- WHAT IS IT: Center for excellence in dairying in India, offers B.Tech programs in Dairy Technology, MSc programs in verious fields of dairying and also Phd. programs.
- PROGRAMS: B.Tech (Dairy Technology), MSc. in animal biochemistry, animal biotechnology, animal nutrition, animal physiology, animal breeding, dairy chemistry, dairy engineering, dairy microbiology, dairy technology, dairy extension, dairy economics, and livestock production and management.
- ADMISSIONS: Through the ICAR-conducted All India Entrance Exams and interviews for the B.Tech & Masters program.
- PROGRAM COST: Education at NDRI is subsidised. The annual BTech fee is about Rs 5,000. Hostel fees are extra.
- ACCOMMODATION: On campus. There are hostels for boys and girls.
- PLACEMENTS: In MNC’s like NESTLE, GSK, Alfa Laval and indian companies like AMUL and other milk federations.
- LOCATION: Karnal, Haryana, 125 KM on GT Road, North of Delhi. Between Delhi & Chandigarh.
- ADDRESS: NDRI, Karnal,Haryana 132001. Phone: (0184) 2252800, 2259002.
Its a sprawling 560-hectare campus in hinterland Haryana where you’ll see students of engineering and technology rear cattle, feed and milk them, and learn the science of transforming milk into ice-cream. And when they’re not in their classrooms, the boys and girls at this educational institute might be found manipulating cattle embryos, operating milk-processing machinery, or engaging in study sessions in cattle yards.
NDRI, which is a center for excellence in Dairying in India is a premier institute. It comes under the ICAR (Indian Council of Agriculture Research. The college offers prestigious B.Tech (Dairy Technology ) program every year.
For students keen on pursuing careers in dairy science and technology, the National Dairy Research Institute (NDRI) in Karnal offers an undergraduate as well as several postgraduate programmes. NDRI, one of four deemed universities under the Indian Council of Agricultural Research (ICAR), trains students in the myriad fields that cover livestock science and dairy management. In recent years, NDRI officials say, the four-year BTech in dairy technology has emerged a top choice among students who apply for the 30-50 seats in this programme. NDRI began operations in Bangalore in 1923 as the Imperial Institute of Animal Husbandry and Dairying and was later renamed the Imperial Dairy Institute. It moved to Karnal, the site of the central cattle breeding farm in 1955, launching research projects and offering education and training programmes.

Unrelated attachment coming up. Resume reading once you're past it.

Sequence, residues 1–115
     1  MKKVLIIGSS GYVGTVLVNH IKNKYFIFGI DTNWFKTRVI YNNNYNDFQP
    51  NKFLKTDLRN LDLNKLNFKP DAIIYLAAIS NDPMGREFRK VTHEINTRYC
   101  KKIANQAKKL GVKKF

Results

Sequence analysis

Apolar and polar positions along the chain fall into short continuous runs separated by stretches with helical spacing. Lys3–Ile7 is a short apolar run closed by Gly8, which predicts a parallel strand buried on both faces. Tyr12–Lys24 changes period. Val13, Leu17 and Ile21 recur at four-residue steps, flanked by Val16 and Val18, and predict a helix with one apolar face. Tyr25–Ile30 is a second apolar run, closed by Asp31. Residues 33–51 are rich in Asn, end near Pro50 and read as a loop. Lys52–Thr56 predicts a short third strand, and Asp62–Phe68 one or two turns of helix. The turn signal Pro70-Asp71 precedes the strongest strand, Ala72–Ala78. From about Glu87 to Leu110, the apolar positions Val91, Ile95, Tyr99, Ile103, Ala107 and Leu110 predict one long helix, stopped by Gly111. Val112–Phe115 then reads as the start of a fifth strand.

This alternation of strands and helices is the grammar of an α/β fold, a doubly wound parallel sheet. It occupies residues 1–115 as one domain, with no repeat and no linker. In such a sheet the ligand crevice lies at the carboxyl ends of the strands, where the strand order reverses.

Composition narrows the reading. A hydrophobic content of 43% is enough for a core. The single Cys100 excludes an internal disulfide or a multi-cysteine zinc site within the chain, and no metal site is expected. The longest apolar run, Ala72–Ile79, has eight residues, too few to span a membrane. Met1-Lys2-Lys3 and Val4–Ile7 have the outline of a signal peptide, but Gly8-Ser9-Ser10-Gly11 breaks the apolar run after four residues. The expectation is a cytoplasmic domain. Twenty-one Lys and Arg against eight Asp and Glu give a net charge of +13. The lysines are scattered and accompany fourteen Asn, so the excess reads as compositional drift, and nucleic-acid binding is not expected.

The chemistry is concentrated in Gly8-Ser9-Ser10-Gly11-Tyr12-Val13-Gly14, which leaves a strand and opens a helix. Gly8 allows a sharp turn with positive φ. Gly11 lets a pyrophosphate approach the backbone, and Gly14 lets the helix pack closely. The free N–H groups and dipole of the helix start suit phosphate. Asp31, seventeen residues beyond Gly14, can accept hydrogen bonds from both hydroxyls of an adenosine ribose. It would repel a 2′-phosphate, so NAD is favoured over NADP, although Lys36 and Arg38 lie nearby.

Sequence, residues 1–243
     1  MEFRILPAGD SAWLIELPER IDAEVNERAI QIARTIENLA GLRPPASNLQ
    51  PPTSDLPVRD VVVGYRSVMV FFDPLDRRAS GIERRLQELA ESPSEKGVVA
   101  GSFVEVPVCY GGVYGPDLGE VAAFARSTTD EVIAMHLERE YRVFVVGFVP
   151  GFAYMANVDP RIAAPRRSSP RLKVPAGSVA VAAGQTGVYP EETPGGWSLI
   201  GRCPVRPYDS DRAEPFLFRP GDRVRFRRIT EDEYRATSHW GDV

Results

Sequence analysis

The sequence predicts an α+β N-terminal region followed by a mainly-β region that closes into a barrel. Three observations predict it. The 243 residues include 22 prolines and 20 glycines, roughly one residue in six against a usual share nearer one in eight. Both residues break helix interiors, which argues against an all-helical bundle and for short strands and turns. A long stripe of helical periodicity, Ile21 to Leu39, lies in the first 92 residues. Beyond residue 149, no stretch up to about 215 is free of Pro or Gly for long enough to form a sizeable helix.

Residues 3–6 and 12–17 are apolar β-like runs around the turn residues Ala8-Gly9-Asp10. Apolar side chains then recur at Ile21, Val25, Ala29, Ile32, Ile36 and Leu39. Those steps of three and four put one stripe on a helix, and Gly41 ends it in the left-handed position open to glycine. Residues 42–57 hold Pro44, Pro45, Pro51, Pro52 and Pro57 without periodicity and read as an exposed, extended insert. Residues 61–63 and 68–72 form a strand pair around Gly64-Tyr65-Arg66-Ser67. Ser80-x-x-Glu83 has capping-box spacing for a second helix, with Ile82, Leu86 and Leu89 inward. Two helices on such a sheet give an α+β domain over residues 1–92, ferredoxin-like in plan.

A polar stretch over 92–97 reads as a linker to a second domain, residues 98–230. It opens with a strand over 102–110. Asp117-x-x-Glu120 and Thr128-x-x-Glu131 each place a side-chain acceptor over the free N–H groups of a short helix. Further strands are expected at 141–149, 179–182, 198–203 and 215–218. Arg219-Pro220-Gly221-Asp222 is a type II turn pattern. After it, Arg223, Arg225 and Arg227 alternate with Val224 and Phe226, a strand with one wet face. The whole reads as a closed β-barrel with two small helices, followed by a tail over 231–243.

NDRI also offers MSc programmes in 12 disciplines, animal biochemistry, animal biotechnology, animal nutrition, animal physiology, animal breeding, dairy chemistry, dairy engineering, dairy microbiology, dairy technology, dairy extension, dairy economics, and livestock production and management. Each discipline admits five to six students making up an annual intake of about 70 students at the MSc level. Postgraduate students at NDRI get paid to study. Each MSc student gets Rs 5,000 a month, while a PhD scholar takes home an educational stipend of Rs 7,000. Doctoral students also receive Rs 30,000 as contingency grants. But these continue only as long as the students maintain high performance standards,says Rameshwar Singh, NDRI registrar. The institute attracts students from across India. We’ve
got students from the central agricultural university in Imphal pursuing PhDs here, says Singh. While boys have traditionally dominated the student population at NDRI the boys-to-girls ratio being about 3:1 the number of girls applying each year is steadily rising, particularly in biochemistry, biotechnology and microbiology. NDRI alumni have standard career options in the milk and food processing industry, but officials say students may also continue in academics or research in institutes of higher education in India or abroad. Faculty members at NDRI say some students also pursue higher studies within India either at agricultural universities or other institutions. The National Dairy Development Board is another major employer of NDRI graduates. Some students also join banks as agricultural officers who can look after rural finance. India is today the world?s largest milk producer, but quality and processing practices need to improve. There is a need to find better ways of managing livestock and dairy animals, says Dr Nagendra Sharma, NDRI director. Our students are contributing to that process.